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Given a large number N of distinguishable particles distributed among M boxes, we know that the total number of possible microstates is $M^N$ and that the number of microstates with a distribution among the boxes given by the configuration $[n_1, n_2, ..., n_M]$ is given by $$\Omega= \frac{N!}{\Pi_{j=1}^M n_j!}$$ I need to show that the most likely distribution sees the particles equally distributed among the M boxes. I know I need to use the Lagrangian variation of parameters, as the number of particles $N$ is constant. By doing so I got that $\ln(n_j)+\alpha =0 $ where $\alpha$ is my Lagrangian parameter, for all $j$. I just do not know how to get $n_j=\frac{N}{M}$ from here... Is my reasoning wrong?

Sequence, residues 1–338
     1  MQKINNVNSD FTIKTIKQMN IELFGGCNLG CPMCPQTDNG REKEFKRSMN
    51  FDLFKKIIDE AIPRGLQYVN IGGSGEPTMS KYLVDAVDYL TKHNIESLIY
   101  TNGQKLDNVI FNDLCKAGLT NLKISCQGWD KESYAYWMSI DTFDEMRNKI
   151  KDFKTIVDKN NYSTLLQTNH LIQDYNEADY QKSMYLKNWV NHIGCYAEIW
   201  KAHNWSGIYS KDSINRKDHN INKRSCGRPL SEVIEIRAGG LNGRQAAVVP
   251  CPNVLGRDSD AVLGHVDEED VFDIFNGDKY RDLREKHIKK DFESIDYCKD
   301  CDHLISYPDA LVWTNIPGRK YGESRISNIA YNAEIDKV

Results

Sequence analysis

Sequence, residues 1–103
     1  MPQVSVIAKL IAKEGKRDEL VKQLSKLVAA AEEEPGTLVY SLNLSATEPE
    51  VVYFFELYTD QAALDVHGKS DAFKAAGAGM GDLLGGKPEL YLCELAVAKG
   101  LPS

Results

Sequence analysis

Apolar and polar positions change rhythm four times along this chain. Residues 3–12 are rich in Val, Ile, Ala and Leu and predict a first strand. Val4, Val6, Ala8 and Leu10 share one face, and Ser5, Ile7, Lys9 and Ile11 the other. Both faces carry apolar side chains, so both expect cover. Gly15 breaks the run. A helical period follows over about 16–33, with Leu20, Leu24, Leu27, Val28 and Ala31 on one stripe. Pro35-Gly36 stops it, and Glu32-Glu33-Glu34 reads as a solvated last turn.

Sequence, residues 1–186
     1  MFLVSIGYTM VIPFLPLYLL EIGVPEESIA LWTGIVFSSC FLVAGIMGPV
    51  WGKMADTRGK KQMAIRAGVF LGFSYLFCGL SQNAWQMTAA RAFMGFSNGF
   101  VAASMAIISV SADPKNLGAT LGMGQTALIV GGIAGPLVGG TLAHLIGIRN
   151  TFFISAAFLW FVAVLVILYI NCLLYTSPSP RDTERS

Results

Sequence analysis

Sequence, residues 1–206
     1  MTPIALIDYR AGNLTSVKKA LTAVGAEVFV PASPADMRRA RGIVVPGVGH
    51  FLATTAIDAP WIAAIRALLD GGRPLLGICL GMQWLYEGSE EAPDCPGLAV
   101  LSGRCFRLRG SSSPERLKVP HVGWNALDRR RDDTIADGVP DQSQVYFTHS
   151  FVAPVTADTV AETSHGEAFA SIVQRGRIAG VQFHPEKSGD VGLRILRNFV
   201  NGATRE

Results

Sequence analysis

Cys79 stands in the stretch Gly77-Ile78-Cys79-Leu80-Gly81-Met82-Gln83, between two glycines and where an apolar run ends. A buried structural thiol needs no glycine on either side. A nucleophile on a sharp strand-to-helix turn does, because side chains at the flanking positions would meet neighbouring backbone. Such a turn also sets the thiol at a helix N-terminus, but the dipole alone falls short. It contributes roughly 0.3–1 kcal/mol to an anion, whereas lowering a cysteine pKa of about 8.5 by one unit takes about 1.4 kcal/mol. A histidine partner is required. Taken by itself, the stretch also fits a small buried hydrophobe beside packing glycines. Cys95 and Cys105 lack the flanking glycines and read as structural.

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You're essentially done. You know that $n_j$ is constant in $j$; from the constraint that $\sum_j n_j=N$ you get $n_j=N/M$. That's the beauty of Lagrange multipliers!

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  • $\begingroup$ Oh that's easier than I thought! Just to confirm, I get the condition that $n_j$ is constant in $j$ through the $ln(n_j)+\alpha =0$ equation, right? $\endgroup$
    – Agnese
    Apr 2 at 20:39
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    $\begingroup$ Yes, exactly $\log n_j=-\alpha$ for all j $\endgroup$ Apr 2 at 21:24

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